Through fear-mongering based on generalisations and anecdotes about immigration and security in Germany, the main evening news programme of the public broadcaster promotes the idea that a strict anti-immigration policy is in the best interests of the Hungarian citizens. This is Hungary’s media monitoring highlight for December.
Vlaams Belang shared a video on their Facebook page showing party leader Tom Van Grieken giving an anti-Muslim and Xenophobic speech at a public populist event in December. This is Belgium’s media monitoring highlight for December.
The Times hosted Melanie Phillips on their platform, who shared anti-Muslim ideas without proper theological assessment and references. This is UK’s media monitoring highlight for December.
Online Greek populist news website Amazonios.net published an opinion piece filled with anti-Muslim and xenophobic language, making degrading and dehumanising unfounded claims. This is Greece’s media monitoring highlight for December.
2019 unfortunately took off where the last year left us, with many examples of individuals and entire media outlets spreading anti-religious and racist views. We’ve created a countdown of some of the worst perpetrators of the year:
In number 12, we have the Belgium paper Doorbraak who published an article recounting a speech Wim de Wit made at an IJzerwake event in which he claimed “In principle, freedom of expression still applies, except when it comes to Muslims, Negroes, holibi’s [homosexual, lesbian and bisexual individuals], Transgender people, transvestites, Gypsies, feminists and certain politicians.”. Read our article where we criticise Doorbraak for their lack of journalistic criticism of the speech.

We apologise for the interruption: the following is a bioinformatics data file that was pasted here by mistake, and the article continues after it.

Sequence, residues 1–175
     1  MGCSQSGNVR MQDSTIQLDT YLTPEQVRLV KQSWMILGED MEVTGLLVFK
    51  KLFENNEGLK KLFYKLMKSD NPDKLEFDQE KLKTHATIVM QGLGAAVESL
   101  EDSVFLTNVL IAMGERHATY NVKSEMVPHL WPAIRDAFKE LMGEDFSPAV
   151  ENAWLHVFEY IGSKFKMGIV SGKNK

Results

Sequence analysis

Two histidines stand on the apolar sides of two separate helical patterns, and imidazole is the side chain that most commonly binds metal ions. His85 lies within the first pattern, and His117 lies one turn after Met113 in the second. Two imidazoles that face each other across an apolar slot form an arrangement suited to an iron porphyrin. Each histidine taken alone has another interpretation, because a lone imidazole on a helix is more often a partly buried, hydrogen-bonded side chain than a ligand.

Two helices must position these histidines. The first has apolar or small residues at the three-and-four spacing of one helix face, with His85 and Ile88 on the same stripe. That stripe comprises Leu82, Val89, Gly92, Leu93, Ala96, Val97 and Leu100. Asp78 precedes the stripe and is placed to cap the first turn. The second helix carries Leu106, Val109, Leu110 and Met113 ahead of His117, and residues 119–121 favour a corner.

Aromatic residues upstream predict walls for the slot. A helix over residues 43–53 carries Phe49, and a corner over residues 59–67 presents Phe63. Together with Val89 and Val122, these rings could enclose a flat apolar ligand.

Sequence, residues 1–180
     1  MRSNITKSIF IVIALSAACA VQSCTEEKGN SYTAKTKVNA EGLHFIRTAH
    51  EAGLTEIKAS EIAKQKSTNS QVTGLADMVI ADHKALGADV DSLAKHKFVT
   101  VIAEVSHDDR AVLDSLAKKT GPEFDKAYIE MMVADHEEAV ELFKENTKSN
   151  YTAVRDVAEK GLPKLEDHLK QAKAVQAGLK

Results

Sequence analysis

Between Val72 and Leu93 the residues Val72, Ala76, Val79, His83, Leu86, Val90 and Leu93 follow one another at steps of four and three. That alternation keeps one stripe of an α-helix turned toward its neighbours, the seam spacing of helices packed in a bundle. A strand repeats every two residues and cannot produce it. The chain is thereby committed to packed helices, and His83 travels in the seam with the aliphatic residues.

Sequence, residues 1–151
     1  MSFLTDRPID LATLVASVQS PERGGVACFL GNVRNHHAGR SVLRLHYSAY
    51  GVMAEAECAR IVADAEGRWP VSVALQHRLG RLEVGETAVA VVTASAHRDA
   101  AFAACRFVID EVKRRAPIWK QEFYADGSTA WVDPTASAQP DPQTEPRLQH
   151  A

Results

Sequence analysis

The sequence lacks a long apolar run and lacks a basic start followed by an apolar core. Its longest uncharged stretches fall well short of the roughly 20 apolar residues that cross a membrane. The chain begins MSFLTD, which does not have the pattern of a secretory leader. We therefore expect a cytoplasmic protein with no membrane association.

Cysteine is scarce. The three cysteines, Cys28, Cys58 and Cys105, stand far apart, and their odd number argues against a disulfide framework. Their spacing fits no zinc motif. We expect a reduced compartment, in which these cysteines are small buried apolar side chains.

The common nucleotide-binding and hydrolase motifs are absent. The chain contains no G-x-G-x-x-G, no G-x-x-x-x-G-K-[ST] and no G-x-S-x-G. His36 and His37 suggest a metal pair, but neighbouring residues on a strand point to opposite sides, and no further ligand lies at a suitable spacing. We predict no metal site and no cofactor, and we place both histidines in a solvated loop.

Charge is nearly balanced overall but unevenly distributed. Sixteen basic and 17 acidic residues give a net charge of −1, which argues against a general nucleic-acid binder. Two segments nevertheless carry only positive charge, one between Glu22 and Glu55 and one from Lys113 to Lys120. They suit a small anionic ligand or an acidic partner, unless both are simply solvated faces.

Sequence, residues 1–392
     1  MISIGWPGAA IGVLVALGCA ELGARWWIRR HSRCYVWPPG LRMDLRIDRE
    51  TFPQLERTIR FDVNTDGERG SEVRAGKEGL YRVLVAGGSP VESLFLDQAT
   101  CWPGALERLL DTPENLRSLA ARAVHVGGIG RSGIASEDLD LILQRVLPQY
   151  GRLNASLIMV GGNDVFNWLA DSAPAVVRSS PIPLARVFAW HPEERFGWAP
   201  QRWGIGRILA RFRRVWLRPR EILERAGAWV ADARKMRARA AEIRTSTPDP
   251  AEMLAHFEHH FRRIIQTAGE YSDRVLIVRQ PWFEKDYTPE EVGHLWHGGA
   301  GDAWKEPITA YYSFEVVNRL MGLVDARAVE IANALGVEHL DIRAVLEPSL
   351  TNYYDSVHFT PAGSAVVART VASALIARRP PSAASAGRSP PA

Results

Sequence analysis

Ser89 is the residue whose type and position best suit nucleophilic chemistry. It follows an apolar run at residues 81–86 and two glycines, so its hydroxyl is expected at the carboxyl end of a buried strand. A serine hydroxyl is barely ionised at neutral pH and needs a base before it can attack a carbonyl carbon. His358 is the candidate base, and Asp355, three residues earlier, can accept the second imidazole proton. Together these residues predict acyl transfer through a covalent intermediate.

In 11th place, we have the French TV Channel LCI, which broadcast an episode of ’24 Pujadas’ where they invited Robert Ménard (known for his racist, anti-migrant and anti-Muslim stance) along with Guillaume Tabard (editor-in-chief of Le Figaro) onto the show, where Tabard said ‘We had lived through deadly Islamist terrorism in France, so if we want to keep score, we are not yet even’. Read our article on why LCI’s decision to include these guests and the statement is insensitive and wrong.
In 10th place, is the Hungarian public service website Hirado for reporting a government press conference on Brussels’ distribution of migrant cards. Despite the government spokesman suggesting that the recipients of this financial assistance were ‘anonymous’, and that there might be some ISIS members involved, Hirado decided not to critically report on this discriminatory rhetoric, thus allowing the Islamophobic statements to appear factual.
Coming in at number 9 is the Belgium party Vlaams Belang for their Islamophobic rhetoric in November. When an asylum centre in the city of Bilzen was torched down, many assumed it was supporters of Vlaams Belang due to their protests on the site a few days prior. Their party leader was outraged by the assumptions but used his speech to spread anti-Islam views and that Islamisation of the country would be supported by his opponents.
Greek lifestyle magazine ‘Athens’ is in at number 8, for publishing an article where the author suggests that ‘Jewish banks’ are partially a cause of the Greek debt. This article displays blatant antisemitism, promoting dangerous antisemitic theories and furthering well-established conspiracy theories.
In 7th place, is the French online newspaper Atlantico, for an article published about the Decathlon – Hijab controversy, where the sports chain created a ‘running’ hijab, which caused a backlash on social media by people claiming it was an example of the ‘Islamisation’ of France. The article’s headline suggested the hijab was a ‘victory for the Muslim Brotherhood’, thus spreading anti-Muslim sentiment.